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The Discourse on Ethical Philosophy (already alluded to), by SIR JAMES MACKINTOSH, and his review of Madame de Staël's Germany in the Edinburgh Review, unfold some interesting speculations on moral science. He agrees with Butler, Stewart, and the most eminent preceding moralists, in admitting the supremacy of the moral sentiments; but he proceeds a step further in the analysis of them. He attempts to explain the origin and growth of the moral faculty, or principle, derived from Hartley's Theory of Association, and insists repeatedly on the value of utility, or beneficial tendency, as the great test or criterion of moral action. Some of the positions in Mackintosh's Discourse were combated with unnecessary and unphilosophical asperity by JAMES MILL, author of an able Analysis of the Phenomena of the Human Mind, 1829, in an anonymous Fragment on Mackintosh. Mill was a bold and original thinker, but somewhat coarse and dogmatical. Among the recent works on mental philosophy may be mentioned Abercrombie's Inquiry into the Intellectual Powers, and his Philosophy of the Moral Feelings. A Treatise on the Formation and Publication of Opinions, by MR BAYLEY, follows out some of the views of Dr Brown in elegant and striking language. The Essay on the Nature and Principles of Taste, by the REV. ARCHIBALD ALISON, is an elegant metaphysical treatise, though the doctrine which it aims at establishing partakes of the character of a paradox, and has accordingly failed to enter into the stock of our established ideas. The theory of Alison is, that material objects appear beautiful or sublime in consequence of their association with our moral feelings-that it is as they are significant of mental qualities that they become entitled to these appellations. This theory was ably illustrated by Mr Jeffrey in the Edinburgh Review,

in a paper which was afterwards expanded into an Essay on Beauty for the Encyclopædia Britannica. The book and the essay can now only be considered as remarkable examples of that misapplication of talent and labour which is incidental to the infancy of science-the time of its dreams.

The Scottish metaphysical school, of which Stewart, Brown, and Alison may be said to have been the last masters, will ever hold a high place in public estimation for the qualities which have been attributed to it; but it must be owned to have failed in producing any permanent impression on mankind: nor have we been brought by all its labours nearer to a just knowledge of mind as the subject of a science. The cause of this assuredly is, that none of these writers have investigated mind as a portion of nature, or in connexion with organization. Since the Scottish school began to pass out of immediate notice, this more philosophical mode of inquiry has been pursued by Dr Gall and his followers, with results which, though they have excited much prejudice, are nevertheless received by a considerable portion of the public. The leading doctrines of Gall are, that the brain is the organ of the mind, that various portions of the encephalon are the organs of various faculties of the mind, and that volume or size of the whole brain and its various parts is, other circumstances being equal, the measure of the powers of the mind and its various faculties in individuals. This system is founded upon observation—that is to say, it was found that large brains, unless when of inferior quality, or in an abnormal condition, were accompanied by superior intellect and force of character; also that, in a vast number of instances which were accurately noticed, a large development of a special part of the brain was accompanied by an unusual demonstration of a certain mental character, and never by the opposite. From these demonstrations the fundamental cha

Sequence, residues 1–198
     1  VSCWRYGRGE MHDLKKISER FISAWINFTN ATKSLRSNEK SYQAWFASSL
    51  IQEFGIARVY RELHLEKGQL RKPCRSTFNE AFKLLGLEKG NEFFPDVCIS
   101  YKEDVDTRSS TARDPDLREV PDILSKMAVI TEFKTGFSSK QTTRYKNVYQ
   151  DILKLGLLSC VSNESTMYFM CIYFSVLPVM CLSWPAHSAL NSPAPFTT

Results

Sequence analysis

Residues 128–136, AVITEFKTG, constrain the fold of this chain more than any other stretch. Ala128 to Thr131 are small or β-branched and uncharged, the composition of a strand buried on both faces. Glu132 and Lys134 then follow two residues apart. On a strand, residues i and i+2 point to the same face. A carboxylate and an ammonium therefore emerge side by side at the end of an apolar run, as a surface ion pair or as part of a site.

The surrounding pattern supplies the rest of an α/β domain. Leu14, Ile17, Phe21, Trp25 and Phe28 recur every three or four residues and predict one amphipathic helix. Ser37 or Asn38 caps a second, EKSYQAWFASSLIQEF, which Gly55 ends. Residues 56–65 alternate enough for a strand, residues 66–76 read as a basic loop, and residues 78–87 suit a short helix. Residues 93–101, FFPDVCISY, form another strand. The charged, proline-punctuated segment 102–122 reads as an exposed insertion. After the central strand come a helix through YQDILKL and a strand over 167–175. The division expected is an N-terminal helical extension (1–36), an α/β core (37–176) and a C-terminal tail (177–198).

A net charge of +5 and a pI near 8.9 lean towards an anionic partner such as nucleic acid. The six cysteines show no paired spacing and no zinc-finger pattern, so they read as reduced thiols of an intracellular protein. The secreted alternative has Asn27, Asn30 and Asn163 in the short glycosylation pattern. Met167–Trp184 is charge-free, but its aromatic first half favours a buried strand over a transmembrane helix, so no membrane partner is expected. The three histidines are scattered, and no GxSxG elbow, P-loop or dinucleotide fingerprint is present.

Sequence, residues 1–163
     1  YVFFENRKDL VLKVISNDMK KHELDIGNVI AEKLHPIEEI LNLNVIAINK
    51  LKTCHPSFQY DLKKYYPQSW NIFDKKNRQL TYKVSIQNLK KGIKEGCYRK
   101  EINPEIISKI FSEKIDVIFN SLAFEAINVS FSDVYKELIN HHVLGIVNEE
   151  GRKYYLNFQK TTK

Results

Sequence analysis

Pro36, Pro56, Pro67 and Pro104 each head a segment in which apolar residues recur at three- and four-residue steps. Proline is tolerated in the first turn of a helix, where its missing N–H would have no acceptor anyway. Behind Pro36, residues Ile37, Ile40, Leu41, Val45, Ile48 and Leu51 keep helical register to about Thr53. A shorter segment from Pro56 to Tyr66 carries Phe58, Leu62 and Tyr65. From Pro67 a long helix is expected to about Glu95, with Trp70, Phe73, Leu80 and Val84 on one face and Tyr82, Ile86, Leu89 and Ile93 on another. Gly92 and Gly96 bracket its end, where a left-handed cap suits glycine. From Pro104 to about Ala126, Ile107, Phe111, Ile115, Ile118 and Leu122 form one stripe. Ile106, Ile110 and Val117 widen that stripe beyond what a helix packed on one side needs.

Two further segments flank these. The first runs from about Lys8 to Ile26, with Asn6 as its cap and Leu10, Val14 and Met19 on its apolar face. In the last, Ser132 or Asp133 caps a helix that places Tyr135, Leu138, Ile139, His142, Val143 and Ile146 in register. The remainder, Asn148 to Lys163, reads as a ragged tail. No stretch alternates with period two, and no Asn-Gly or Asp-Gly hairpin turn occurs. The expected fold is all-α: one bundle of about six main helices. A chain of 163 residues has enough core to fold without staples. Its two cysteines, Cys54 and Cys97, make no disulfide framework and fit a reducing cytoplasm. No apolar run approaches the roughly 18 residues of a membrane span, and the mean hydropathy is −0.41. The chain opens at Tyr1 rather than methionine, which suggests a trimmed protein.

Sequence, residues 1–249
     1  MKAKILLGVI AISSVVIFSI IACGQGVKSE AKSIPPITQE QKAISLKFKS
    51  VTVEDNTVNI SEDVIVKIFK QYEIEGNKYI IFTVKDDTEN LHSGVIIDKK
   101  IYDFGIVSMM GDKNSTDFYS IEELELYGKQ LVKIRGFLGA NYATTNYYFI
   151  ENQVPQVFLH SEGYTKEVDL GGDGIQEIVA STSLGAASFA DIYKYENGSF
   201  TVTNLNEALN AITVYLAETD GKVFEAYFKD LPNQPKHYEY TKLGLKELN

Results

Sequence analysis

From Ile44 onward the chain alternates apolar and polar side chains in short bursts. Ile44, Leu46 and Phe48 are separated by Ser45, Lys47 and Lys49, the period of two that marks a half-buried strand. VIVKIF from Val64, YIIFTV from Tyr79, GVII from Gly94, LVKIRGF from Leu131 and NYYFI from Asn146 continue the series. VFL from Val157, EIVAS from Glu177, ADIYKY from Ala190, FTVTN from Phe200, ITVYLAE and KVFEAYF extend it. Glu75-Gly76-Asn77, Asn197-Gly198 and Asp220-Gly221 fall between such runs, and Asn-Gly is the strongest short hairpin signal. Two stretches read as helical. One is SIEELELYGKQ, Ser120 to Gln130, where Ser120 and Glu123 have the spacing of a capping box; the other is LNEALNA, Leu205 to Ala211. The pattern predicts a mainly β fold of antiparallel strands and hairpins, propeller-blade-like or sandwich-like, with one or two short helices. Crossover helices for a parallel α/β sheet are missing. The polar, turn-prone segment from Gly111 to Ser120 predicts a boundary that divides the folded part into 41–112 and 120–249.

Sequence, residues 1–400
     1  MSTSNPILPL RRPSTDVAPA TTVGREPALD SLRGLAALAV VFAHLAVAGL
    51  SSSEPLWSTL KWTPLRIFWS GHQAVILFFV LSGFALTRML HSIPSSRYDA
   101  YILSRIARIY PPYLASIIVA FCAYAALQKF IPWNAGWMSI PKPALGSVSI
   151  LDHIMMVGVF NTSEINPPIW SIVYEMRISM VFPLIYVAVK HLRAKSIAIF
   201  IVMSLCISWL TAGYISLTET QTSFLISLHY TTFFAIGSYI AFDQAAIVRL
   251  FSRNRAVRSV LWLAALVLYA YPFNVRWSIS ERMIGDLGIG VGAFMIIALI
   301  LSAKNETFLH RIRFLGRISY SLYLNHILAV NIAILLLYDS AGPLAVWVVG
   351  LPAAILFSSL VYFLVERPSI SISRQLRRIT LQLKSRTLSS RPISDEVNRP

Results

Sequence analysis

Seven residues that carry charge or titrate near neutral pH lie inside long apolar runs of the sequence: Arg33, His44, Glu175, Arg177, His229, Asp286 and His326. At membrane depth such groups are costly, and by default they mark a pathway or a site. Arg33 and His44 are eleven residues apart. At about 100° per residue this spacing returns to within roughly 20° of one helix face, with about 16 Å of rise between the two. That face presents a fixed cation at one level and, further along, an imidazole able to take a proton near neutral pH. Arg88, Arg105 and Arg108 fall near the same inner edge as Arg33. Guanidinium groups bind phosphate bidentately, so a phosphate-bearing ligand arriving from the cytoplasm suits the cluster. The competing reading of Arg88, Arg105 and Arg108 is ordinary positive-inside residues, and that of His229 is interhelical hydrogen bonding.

racter of the various faculties was at length eliminated. Thus it happens that phrenology, as this system has been called, while looked on by many as a dream, is the only hypothesis of mind in which scientific processes of investigation have been followed, or for which a basis can be shown in nature. Among the British followers of Gall, the chief place is due to Mr George Combe of Edinburgh, author of a System of Phrenology, The Constitution of Man Considered in Relation to External Objects, &c.

[Distinction between Power and Activity.]
[From the System of Phrenology."]

There is a great distinction between power and activity of mind; and it is important to keep this difference in view. Power, strictly speaking, is the capability of thinking, feeling, or perceiving, however small in amount that capability may be; and in this sense it is synonymous with faculty: action is the exercise of power; while activity denotes the quickness, great or small, with which the action is performed, and also the degree of proneness to act. The distinction between power, action, and activity of the mental faculties, is widely recognized by describers of human nature. Thus Cowper says of the more violent affective faculties of man :

"His passions, like the watery stores that sleep
Beneath the smiling surface of the deep,
Wait but the lashes of a wintry storm,

To frown, and roar, and shake his feeble form.'-Hope. Again :

'In every heart